Indian Railway massage offer rubs passengers up the wrong way

Passengers will be offered three classes of head-and-foot massage starting at 100 rupees. — AFP pic
Passengers will be offered three classes of head-and-foot massage starting at 100 rupees. — AFP pic

NEW DELHI, June 13 — A new Indian Railways offer to pamper passengers with massages on its trains has met with ridicule on social media and complaints from one MP that it contravened “Indian culture”.

Due to start later this month, passengers on 39 trains departing from central India will be offered three classes of head-and-foot massage starting at 100 rupees (US$1.50).

The “gold” service will see on-board masseurs use any “non-sticky or olive oil”, “diamond” customers will offer essential oils while the “platinum” offering, at 300 rupees, will be carried out with cream.

Indian Railways, which announced the project on the weekend, carries 25 million passengers every day and said it wants the initiative to generate additional income and offer comfort to passengers on long journeys.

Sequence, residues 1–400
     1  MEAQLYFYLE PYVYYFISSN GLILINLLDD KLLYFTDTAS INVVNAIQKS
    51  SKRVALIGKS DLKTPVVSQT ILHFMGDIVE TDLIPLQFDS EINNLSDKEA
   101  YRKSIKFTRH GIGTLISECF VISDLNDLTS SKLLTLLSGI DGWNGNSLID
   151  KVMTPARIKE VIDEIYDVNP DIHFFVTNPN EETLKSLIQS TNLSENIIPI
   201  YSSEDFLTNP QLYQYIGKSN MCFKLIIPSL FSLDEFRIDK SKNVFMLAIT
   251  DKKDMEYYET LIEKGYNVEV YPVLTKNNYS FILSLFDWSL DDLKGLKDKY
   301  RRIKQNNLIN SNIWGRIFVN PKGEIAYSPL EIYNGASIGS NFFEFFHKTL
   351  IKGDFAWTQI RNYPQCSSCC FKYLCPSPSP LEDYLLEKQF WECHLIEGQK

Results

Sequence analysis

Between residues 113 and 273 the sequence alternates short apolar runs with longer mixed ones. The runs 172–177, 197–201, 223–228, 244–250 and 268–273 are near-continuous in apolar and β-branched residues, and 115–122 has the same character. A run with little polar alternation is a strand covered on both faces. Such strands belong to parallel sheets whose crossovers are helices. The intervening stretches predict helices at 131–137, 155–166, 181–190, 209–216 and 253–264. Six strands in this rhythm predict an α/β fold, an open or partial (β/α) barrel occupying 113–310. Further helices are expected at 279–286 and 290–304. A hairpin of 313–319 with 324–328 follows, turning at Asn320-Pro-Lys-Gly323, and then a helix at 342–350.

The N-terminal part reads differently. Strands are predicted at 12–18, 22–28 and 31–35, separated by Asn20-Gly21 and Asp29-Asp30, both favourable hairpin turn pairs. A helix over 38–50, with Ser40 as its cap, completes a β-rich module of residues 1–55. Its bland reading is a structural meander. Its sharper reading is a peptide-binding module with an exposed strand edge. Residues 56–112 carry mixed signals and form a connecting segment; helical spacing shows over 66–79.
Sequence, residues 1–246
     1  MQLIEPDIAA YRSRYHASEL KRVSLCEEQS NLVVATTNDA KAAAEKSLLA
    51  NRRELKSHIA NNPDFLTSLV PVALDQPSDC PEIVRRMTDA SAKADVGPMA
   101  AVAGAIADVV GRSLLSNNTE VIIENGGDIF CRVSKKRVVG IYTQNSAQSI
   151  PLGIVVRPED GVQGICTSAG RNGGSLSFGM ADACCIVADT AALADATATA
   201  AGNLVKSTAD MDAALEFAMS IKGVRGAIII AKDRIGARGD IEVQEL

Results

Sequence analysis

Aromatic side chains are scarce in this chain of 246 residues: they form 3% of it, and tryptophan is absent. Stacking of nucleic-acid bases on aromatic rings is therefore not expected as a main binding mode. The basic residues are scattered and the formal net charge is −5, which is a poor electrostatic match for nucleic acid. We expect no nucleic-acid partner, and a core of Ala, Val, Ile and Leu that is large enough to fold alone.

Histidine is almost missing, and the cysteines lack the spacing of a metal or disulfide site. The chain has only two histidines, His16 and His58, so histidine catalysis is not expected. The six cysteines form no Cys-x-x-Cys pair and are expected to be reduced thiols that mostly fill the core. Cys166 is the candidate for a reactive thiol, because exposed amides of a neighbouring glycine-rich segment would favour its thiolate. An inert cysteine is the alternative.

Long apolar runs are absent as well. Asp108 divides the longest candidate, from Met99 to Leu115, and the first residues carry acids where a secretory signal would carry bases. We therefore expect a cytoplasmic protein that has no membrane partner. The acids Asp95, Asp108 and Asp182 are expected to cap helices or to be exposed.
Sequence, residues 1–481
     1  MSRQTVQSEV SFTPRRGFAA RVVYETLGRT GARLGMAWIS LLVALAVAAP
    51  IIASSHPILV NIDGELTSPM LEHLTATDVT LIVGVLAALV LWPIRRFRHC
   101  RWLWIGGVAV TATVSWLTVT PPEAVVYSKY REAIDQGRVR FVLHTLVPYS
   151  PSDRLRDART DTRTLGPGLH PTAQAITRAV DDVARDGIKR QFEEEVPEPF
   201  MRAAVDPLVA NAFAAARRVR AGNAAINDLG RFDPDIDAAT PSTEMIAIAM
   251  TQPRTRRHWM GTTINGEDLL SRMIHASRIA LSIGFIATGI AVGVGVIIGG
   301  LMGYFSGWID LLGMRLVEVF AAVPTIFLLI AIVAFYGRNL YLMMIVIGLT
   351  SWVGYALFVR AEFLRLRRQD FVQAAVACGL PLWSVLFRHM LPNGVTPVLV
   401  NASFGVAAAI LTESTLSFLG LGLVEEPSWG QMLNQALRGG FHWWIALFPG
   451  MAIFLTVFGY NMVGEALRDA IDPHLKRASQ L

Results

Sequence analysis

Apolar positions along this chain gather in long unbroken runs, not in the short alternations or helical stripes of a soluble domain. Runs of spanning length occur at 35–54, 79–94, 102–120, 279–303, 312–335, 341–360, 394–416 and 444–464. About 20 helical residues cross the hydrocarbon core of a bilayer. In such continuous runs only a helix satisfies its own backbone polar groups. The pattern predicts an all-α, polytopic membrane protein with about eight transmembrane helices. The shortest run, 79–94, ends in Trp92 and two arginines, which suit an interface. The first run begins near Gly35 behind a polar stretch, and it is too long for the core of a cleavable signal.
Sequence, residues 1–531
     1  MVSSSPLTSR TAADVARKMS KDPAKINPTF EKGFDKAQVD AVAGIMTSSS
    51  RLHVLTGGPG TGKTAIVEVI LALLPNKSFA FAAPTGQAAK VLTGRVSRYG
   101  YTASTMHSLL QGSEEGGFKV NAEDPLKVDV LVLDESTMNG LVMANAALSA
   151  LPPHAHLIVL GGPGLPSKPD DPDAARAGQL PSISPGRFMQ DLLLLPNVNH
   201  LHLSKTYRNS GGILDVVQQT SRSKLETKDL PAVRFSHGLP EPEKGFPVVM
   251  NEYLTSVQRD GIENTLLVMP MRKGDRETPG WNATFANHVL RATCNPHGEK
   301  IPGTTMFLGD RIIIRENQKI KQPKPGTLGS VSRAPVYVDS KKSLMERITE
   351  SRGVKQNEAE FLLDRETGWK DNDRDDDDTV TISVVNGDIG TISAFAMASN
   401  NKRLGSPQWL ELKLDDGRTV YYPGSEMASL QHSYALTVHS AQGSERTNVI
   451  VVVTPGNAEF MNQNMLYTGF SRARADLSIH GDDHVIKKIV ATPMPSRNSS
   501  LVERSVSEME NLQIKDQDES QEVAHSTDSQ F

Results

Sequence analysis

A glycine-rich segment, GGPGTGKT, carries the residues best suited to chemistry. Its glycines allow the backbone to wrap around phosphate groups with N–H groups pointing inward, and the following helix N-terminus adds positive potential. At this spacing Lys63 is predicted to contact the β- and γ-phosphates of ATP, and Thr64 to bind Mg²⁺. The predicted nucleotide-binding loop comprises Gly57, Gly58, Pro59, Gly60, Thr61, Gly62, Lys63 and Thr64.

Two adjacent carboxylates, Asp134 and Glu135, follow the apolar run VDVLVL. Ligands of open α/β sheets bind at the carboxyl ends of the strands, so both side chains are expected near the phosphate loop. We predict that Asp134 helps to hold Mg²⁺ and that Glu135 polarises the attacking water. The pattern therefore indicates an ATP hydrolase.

But Shankar Lalwani from Prime Minister Narendra Modi’s Hindu nationalist Bharatiya Janata Party (BJP) said it was inappropriate to have strangers giving and receiving massages in the presence of women.

Women’s groups, Lalwani told AFP, “said it was improper to have such services in public places. I think it’s against the Indian culture”.

Lalwani, a newly elected MP from the central city of Indore, said he wrote a letter to Indian Railways calling for the initiative to be scrapped.

Many social media users were also unimpressed, saying the state-owned company’s focus should be elsewhere.

“Let railways focus on providing safe, reliable, fast transport instead of such pathetic, stupid, third rated ideas!,” one Twitter user said.

“Kindly focus on toilet cleaning. Massage is not a necessary issue but toilet is during Journey,” wrote another.

Built by India’s former British colonial rulers, the railway system is one of the world’s largest and is still the main means of long-distance travel in the huge country.

It operates more than 12,000 trains but suffers from underfunding and creaking infrastructure that has resulted in chronic safety and hygiene problems.

The government’s own corruption watchdog in 2017 labelled Indian Railways food “unfit for human consumption”, often containing recycled or expired food.

Last year, public confidence took another blow when a rail caterer was filmed making tea from toilet water.

Complaints about rats and cockroaches near onboard kitchens, and meals plagued with insects, are also commonplace. — AFP

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